The use of the "Forged Steel" marking instead of "Forged Vanadium Steel" suggests that this wrench was likely made during the 1942-1945 wartime years, when material shortages restricted the use of alloy steel.


Pliers


Early Handle Pattern

Earlier Danielson pliers used a small diamond checkered pattern on the handles, giving a dotted appearance from a distance. This pattern is believed to have remained in use up until about 1942, after which the geometric "herringbone" pattern came into use. An example of the diamond checkered pattern on pliers date coded to 1941 can be seen as the Fulton Thin-Nosed Pliers.


8 Inch Slip-Joint Combination Pliers

[J.P. Danielson 8 Inch Slip-Joint Combination Pliers]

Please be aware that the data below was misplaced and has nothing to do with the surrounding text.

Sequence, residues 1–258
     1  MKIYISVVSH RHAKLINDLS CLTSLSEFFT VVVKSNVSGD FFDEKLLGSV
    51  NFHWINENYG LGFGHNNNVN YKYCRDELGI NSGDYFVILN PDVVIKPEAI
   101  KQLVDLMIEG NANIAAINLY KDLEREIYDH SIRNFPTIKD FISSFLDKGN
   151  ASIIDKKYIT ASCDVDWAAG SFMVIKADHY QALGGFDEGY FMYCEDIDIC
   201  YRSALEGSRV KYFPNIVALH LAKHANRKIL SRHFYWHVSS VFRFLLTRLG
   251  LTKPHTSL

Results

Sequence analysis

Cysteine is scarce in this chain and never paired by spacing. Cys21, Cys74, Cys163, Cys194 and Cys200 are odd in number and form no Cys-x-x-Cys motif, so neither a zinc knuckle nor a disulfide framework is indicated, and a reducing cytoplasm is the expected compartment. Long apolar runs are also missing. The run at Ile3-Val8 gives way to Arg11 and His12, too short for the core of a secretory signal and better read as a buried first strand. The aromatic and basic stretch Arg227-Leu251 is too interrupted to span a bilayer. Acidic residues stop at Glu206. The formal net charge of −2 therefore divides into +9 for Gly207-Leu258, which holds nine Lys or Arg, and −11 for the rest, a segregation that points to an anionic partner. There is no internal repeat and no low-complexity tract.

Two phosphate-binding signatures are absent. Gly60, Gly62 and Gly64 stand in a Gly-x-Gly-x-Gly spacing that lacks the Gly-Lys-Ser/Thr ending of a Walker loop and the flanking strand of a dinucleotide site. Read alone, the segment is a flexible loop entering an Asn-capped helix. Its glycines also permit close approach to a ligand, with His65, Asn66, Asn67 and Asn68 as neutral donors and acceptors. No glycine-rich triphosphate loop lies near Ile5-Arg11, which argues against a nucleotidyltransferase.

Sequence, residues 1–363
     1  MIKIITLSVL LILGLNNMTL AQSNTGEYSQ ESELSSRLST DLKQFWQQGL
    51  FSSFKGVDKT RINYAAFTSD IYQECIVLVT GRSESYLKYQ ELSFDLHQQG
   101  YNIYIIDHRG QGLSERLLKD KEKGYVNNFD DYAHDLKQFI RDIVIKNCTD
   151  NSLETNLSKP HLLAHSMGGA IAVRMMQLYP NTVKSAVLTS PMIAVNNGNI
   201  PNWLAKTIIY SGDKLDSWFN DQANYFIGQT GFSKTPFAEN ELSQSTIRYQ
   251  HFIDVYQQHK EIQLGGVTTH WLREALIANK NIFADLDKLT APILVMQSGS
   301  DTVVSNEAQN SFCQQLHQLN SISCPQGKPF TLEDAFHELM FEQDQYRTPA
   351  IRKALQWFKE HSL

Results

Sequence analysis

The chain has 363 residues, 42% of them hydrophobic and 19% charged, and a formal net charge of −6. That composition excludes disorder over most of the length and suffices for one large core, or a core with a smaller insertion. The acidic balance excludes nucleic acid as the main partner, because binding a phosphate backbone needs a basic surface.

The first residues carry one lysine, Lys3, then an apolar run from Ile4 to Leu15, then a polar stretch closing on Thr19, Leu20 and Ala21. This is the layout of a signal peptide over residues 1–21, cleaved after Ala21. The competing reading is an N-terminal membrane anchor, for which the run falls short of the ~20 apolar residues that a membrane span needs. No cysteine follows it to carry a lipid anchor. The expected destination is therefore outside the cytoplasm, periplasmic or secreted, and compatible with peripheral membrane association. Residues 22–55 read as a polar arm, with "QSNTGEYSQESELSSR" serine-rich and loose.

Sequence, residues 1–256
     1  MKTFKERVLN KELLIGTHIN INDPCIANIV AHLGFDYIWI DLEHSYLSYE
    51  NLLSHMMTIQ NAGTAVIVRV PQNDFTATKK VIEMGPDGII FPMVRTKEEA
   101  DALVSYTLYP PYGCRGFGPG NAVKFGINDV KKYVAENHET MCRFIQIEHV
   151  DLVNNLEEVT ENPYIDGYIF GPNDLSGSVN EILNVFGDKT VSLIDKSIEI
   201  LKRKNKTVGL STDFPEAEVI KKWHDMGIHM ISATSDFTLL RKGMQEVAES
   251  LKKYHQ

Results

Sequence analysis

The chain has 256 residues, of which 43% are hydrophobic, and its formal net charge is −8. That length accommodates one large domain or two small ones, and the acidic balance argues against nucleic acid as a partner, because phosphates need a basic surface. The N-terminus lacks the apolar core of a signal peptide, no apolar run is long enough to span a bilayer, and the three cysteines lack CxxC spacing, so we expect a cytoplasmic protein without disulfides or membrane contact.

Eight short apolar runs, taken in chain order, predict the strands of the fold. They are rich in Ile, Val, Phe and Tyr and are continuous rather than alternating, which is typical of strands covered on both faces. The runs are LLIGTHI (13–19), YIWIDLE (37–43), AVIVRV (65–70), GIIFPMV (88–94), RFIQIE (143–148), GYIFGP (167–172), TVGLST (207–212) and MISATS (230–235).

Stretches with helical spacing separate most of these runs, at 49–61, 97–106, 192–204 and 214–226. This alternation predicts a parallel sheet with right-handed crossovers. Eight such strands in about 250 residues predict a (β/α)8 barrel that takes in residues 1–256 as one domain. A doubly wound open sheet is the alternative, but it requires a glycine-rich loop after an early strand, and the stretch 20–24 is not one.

Fig. 21. J.P Danielson 8 Inch Slip-Joint Combination Pliers, with Inset for Side View, ca. 1930s to 1942.

Fig. 21 at the left shows a pair of Danielson 8 inch combination pliers, marked "J.P. Danielson Co. Inc." and "Jamestown, N.Y. U.S.A." on the handle.

The overall length is 8.0 inches. The finish was originally nickel plating, but most has been lost due to rust.

The inset shows the diamond checkered gripping pattern on the handles, which remained in use until about 1942.


7 Inch Parrot-Head Combination Pliers

[J.P. Danielson 7 Inch Parrot-Head Combination Pliers]
Fig. 22. J.P Danielson 7 Inch Parrot-Head Combination Pliers, with Insets for Handle Pattern and Marking Detail, ca. 1930s to 1942.

Fig. 22 shows a pair of J.P. Danielson 7 inch parrot-head combination pliers, stamped "J.P. Danielson Co. Inc." and "Jamestown, N.Y. U.S.A." on the handle.